I think it is fair to say that they average person believes that seeing and vision is all about the eyes. In actual fact, a person could be blind but still possess perfectly functioning eyes. the eyes don’t see. It is the brain, or the person who’s consciousness is produced by their brain, which does the seeing, more specifically, the parts of the brain that are responsible for visual processing. I think they are mostly at the back of the brain.
Vision is the result of the operation of the eyes and also the brain, and neuroscience is more and more becoming aware that there is a great amount of normal and also unhealthy variation among brains. The brains of dyslexics don’t handle reading well. The brains of left-handed people are definitley different to those of most of us, but not in one uniform way. Some people’s brains are damaged or derailed in development even before their untra-uterine development is completed and they are born, because their mother smoked during pregnancy or drank alcohol or had some misfortune such as catching one of the many infectious diseases that can harm a foetus. The genes that we all inherit or mutate can affect they way our brains work in profound ways, including visual processing. Prosopagnosia or face-blindness can be inherited and can run in families.
Your brain is different to my brain in countless ways that have an impact on the way our minds work. I often experience music as a coloured form of entertainment. You probably don’t. I can’t help but remember the faces of people that I meet, even if they are people who play very minor roles in my life and are not expected to be met ever again. Here’s an example. I took one of our kids to the Royal Show recently. One of the attendants at one of the animal pavillions was kind enough to let my child collect an egg that one of the prize-winning special-breed chickens had laid in it’s cage. He was a nice person, but there was nothing particularly memorable or different about his face or appearance, and I never expected to meet him again. Some hours later I involuntarily spotted his face among the teeming crowd of scores of show visitors surging down one of the streets in the showgrounds. As is usual, I consciously avoided looking like I had recognized him, lest I be seen as some kind of stalker weirdo. Is this kind of experience a common one? A rare one? Who could know for sure? One thing that I do know is that it was a complete surprise when on a whim I found the Cambridge Face Memory Test online and did the test and found that I had gotten a perfect score. At the same website for the first time I saw the term “super-recognizer”. What is a super-recognizer, I thought? Could I possibly be a super-recognizer? I’ll Google it!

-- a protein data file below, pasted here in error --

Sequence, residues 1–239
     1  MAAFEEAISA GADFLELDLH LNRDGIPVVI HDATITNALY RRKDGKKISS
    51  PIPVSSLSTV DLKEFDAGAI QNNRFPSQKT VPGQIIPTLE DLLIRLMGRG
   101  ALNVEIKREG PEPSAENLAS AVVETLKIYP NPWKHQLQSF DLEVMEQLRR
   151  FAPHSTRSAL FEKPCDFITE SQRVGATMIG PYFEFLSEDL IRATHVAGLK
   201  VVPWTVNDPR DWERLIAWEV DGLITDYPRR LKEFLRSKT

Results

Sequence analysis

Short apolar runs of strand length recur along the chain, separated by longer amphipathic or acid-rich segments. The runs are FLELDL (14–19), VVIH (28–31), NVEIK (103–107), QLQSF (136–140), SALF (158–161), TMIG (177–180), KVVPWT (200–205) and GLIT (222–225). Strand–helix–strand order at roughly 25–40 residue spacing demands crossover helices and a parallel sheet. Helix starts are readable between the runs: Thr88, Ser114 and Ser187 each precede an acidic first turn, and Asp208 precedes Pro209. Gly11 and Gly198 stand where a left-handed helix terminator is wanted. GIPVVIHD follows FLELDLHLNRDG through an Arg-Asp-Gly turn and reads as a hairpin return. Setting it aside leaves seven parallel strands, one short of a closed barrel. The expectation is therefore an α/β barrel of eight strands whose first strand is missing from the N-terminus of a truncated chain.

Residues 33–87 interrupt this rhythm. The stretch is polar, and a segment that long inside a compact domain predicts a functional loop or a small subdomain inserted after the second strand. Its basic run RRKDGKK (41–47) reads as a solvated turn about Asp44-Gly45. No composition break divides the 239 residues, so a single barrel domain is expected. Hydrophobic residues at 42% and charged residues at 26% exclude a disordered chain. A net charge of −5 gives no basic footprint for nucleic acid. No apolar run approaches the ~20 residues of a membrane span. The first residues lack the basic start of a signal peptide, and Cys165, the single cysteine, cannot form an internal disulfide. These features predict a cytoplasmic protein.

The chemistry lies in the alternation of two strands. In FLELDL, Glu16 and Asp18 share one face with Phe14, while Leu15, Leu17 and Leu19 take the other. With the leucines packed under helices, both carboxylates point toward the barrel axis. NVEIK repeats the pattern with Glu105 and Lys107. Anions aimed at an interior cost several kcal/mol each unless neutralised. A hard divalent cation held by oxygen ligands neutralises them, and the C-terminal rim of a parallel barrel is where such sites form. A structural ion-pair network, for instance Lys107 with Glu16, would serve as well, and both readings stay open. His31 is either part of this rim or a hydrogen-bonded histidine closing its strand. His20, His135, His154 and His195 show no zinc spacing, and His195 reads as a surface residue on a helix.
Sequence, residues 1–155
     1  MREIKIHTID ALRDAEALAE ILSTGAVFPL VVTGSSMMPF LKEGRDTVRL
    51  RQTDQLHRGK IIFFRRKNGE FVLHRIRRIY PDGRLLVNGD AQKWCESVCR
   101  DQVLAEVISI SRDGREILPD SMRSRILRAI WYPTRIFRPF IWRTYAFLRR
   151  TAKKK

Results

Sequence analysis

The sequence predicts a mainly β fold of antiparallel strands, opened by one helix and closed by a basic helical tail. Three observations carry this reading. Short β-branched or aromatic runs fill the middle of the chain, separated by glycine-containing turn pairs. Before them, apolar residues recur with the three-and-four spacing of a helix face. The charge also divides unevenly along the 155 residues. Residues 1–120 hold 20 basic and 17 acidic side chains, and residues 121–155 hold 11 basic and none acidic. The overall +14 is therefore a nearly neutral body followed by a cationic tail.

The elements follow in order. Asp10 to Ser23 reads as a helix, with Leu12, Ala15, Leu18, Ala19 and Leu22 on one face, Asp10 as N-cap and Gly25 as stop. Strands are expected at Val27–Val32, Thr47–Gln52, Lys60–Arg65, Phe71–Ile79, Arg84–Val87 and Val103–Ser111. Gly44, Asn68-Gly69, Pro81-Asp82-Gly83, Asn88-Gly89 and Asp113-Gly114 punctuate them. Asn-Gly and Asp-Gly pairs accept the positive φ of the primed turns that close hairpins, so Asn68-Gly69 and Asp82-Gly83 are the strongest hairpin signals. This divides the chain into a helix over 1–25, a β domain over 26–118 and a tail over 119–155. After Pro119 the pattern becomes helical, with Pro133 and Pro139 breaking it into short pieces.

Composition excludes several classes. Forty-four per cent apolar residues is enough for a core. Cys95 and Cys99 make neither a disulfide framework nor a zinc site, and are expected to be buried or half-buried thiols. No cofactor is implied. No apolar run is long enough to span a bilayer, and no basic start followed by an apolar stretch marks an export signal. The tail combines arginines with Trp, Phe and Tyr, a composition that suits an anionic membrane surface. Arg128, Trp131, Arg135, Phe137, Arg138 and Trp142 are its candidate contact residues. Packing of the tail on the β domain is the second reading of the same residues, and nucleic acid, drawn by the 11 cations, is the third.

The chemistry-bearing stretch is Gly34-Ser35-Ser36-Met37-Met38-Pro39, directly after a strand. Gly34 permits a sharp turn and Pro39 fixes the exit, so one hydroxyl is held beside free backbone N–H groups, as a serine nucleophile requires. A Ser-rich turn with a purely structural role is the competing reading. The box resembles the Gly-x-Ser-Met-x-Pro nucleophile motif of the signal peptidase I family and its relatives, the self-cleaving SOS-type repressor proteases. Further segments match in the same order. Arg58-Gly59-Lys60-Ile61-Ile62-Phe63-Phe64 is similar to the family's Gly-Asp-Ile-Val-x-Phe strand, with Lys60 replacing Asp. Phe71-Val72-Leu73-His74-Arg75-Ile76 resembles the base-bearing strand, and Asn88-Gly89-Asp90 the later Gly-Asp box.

It appears that I have some kind of visual gift, but I had no idea. People who have the opposite level of ability in face recognition also sometimes have little awareness that they are different from the norm. I recall seeing one of the prosopagnosics who were interviewed on the US version of 60 Minutes saying that before her diagnosis she had thought she was just not good with people. That’s a very vague idea of what the issue is. That is a remarkable lack of insight into what was going on in her life, but of course, I’m not blaming her. If you are looking for examples of visual or sensory processing disabilities that people can have but be unaware of, there are clearer examples to find than prosopagnosia. I’ve read that stroke patients can be unaware of a loss of vision in half of the visual field of one or both eyes (hemianopsia) or can be unaware of a loss of awareness of one side of space (Hemispatial neglect). People who have one form of colour-blindness, Anomalous trichromacy, can be unaware that their visual perception is different. Doctors even have a term for a lack of awareness of disability or deficit; Anosognosia. Psychologists have a term that seems to cover similar ground, plus some; the Dunning-Kruger Effect. In the Dunning-Kruger Effect people who lack skill in some area may mistakenly believe they are skilled or even above average, while people whose skills are excellent may lack the appropriate self-confidence to go with their high ability or expertise, because they mistakenly or unknowingly assume that everyone is operating at their level and they are just average. In my experience, the Dunning-Kruger Effect applies to visual processing ability. I’ve seen people time and time again mis-identify things such as plants, vehicles or animals with confidence, and time and time again, I get told that I’ve got a great eye for detail. Sometimes it seems to me that it is instead the case that I’m inexplicably surrounded by people who are borderline cases of cortical blindness, or are way overdue for an appointment with an optometrist. If you couldn’t see properly, would you be the last one to know?